Vladimir Putin must be overjoyed. The latest charge of Igor Danchenko, the major source for former British intelligence officer Christopher Steele’s 2016 dossier alleging links between Donald Trump and Moscow, has fueled the Trump-Russia denialists’ frenzy. They have slammed the media for its coverage of Steele’s memos, claiming that further weakening of his claims proves the Russia issue was a fake.
Certainly, Steele’s memos’ reliability has been seriously questioned once again. (I’ve been chastised for being the first journalist to announce their existence; more on that later.) However, the debate over these papers is apart from the dark and disturbing heart of the Trump-Russia scandal. It is, in reality, a distraction and a diversion. The Steele dossier, and how it was presented by the media, is really a sideshow to the main event: how the Kremlin secretly assaulted the 2016 election to help Trump win, and how Trump and his team helped and abetted that assault on American democracy.
During the 2016 presidential campaign, Trump’s connection with Putin and Russia was a hot topic. He often talked enthusiastically, even effusively, about Russia’s authoritarian leader. In June 2016, it was revealed that Russian hackers had breached the Democratic National Committee’s systems. Weeks later, at the opening of the Democratic National Convention in Philadelphia, Wikileaks published papers stolen by Russian cyber-thieves.
Dumps aimed at undermining Democrats followed in the weeks that followed. Despite cybersecurity experts’ unanimity that the Kremlin was behind the assaults on America’s election, Trump and his closest advisers denied any Moscow involvement—even as Trump openly urged Russian hackers to target the Democrats. Roger Stone, a Trump associate who claimed to be a source, argued that the Russians’ flimsy cover story—that a Romanian hacker was to blame—was correct.
The entire Trump-Russia situation was a shambles. They were rejecting the obvious while, as we subsequently discovered, concealing what they knew. Here are some of the details that were concealed from the public at the time:
Trump had been discreetly pursuing a skyscraper contract in Moscow that might have netted him hundreds of millions of dollars, and the Trump Organization (through Trump’s lawyer, Michael Cohen) had informally contacted Putin’s administration for assistance in getting the business.
Donald Trump Jr. was notified in early June that the Kremlin intended to assist the Trump campaign in a clandestine manner. As part of that attempt, a Russian agent allegedly bringing information to the Trumps was quickly sent to Trump Tower, where Trump Jr., campaign chairman Paul Manafort, and Jared Kushner met with her.
The Trump supporters then stated that her information was insignificant. This private meeting, however, suggested to the Trump campaign that Moscow intended to aid Trump on the sidelines, and it also signaled to the Kremlin that the Trump team did not object to Moscow’s covert interference in the election.
During the campaign, Manafort maintained covert communications with Russian and pro-Russian Ukrainian oligarchs, as well as a former business partner named Konstantin Kilimnik, who was identified as a Russian intelligence officer in a 2020 Senate Intelligence Committee report (approved by Republicans and Democrats on the committee.)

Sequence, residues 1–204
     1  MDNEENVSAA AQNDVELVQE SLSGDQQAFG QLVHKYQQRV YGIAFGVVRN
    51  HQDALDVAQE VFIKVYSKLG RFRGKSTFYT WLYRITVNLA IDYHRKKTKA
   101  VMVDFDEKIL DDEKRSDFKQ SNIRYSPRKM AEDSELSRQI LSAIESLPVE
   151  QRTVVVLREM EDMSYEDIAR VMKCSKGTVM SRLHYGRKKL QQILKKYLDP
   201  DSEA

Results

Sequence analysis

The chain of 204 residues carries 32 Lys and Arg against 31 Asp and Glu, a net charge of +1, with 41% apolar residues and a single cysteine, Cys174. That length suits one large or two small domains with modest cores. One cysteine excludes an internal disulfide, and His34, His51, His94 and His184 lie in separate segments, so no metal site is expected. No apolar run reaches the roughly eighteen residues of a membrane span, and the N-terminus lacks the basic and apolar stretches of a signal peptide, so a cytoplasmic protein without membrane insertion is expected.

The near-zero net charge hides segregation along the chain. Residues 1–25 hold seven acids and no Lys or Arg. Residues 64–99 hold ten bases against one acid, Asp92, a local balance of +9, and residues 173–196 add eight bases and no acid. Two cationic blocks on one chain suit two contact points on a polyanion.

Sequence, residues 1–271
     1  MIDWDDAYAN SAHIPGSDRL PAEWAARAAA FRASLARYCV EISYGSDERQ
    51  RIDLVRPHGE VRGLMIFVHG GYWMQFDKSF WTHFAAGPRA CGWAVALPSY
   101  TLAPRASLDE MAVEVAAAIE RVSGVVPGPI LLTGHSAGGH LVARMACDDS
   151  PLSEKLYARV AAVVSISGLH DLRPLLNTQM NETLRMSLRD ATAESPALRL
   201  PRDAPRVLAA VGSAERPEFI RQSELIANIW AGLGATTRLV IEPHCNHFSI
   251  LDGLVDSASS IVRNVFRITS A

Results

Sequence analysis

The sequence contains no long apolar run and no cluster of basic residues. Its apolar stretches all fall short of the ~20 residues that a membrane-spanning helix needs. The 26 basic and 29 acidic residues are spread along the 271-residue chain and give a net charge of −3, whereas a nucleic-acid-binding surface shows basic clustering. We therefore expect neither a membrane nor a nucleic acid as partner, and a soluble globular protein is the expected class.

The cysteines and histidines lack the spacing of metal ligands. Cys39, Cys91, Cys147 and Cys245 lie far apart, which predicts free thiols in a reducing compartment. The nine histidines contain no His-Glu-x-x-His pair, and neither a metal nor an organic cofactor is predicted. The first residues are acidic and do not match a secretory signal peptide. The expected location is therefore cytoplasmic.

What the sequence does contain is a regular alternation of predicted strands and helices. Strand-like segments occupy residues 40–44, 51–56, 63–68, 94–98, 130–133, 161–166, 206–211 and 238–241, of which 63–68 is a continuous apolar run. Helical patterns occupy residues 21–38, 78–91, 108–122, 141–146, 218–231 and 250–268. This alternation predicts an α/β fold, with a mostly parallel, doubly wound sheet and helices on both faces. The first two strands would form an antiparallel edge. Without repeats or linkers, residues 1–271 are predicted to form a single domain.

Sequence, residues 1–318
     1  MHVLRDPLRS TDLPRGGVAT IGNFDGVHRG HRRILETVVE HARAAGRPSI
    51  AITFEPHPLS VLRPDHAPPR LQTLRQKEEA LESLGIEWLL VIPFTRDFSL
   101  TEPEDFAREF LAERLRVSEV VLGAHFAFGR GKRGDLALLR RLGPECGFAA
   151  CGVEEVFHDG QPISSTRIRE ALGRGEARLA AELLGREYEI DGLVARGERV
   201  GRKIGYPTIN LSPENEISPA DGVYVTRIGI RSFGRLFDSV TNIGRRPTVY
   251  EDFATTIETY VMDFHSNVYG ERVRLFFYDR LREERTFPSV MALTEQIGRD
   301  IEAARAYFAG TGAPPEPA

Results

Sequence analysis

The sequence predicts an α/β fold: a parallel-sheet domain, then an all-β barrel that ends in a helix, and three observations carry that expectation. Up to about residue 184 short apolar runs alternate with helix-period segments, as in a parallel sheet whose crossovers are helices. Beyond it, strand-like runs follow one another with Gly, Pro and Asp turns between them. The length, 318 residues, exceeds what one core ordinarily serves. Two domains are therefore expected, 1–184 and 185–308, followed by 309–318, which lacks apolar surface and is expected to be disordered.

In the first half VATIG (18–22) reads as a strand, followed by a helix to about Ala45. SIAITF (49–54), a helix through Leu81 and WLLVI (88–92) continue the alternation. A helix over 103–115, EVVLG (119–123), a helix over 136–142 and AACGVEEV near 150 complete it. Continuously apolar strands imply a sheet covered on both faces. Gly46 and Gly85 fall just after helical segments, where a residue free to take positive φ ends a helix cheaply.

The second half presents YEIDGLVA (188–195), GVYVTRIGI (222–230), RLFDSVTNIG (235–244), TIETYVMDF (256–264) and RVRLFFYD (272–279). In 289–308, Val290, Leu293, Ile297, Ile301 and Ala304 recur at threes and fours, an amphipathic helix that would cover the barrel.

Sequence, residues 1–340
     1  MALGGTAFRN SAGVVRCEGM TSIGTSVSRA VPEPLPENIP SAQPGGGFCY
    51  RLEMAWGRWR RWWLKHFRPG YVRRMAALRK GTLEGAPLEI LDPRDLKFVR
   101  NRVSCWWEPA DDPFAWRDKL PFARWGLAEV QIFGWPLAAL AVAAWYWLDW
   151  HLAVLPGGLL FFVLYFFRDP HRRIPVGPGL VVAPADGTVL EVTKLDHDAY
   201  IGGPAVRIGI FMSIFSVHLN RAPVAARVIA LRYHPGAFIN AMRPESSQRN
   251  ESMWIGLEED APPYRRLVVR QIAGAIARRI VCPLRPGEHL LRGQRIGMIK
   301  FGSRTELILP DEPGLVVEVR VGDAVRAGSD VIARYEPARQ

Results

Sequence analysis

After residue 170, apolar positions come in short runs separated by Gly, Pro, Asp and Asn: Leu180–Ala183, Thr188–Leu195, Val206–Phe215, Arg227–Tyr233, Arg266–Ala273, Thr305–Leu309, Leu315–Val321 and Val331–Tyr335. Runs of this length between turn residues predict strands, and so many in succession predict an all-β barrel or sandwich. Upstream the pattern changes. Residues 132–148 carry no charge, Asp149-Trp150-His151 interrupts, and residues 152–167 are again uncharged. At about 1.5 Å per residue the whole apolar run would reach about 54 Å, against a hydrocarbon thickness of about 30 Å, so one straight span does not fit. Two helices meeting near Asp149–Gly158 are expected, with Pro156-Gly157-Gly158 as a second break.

During the campaign, Manafort maintained covert communications with Russian and pro-Russian Ukrainian oligarchs, as well as a former business partner named Konstantin Kilimnik, who was identified as a Russian intelligence officer in a 2020 Senate Intelligence Committee report (approved by Republicans and Democrats on the committee.) Manafort gave the oligarchs and Kilimnik internal campaign polling data.
According to the article, Kilimnik was potentially linked to Putin’s hack-and-leak operation aimed at bolstering Trump. It also indicated that the committee has “two pieces of information” that “raise the possibility” that Manafort was involved in “hack-and-leak operations.” According to the investigation, “Kilimnik likely served as a channel to Manafort for Russian intelligence services.” The Treasury Department went on to say in April 2021, “During the 2016 U.S. presidential election campaign, Kilimnik provided the Russian Intelligence Services with sensitive information on polling and campaign strategy.”
These major Trump-Russia contacts were not made public. To those paying attention, though, there was a Trump-Russia story to be had—and it felt significant.
In August 2016, Senate Minority Leader Harry Reid sought a probe into “connections between the Russian government and Donald Trump’s presidential campaign” in a letter to FBI Director James Comey. This added to the mystery.
Reid was alluding to what? Unknown to the public at the time, the FBI had initiated such an investigation, code-named Crossfire Hurricane, on July 31, and Reid had been told by CIA Director John Brennan that Moscow was behind the DNC breaches and that there had been questionable communications between Trump aides and Russia.
Though the FBI’s criminal investigation into Clinton’s handling of emails while she was secretary of state had become public, the existence of the FBI’s counterintelligence investigation into Trump associates’ links to Russia (which included an inquiry into Manafort) remained a state secret.
There was a lot of smoke around Trump and Russia. And without access to the Steele dossier. According to intelligence individuals I talked with at the time, word was circulating that national security insiders were concerned about this relationship, whatever it was. But no one had any information. When Democratic members of Congress questioned Comey whether the FBI was looking into Trump-Russia ties, he played it straight, saying, “We don’t confirm or deny investigations.”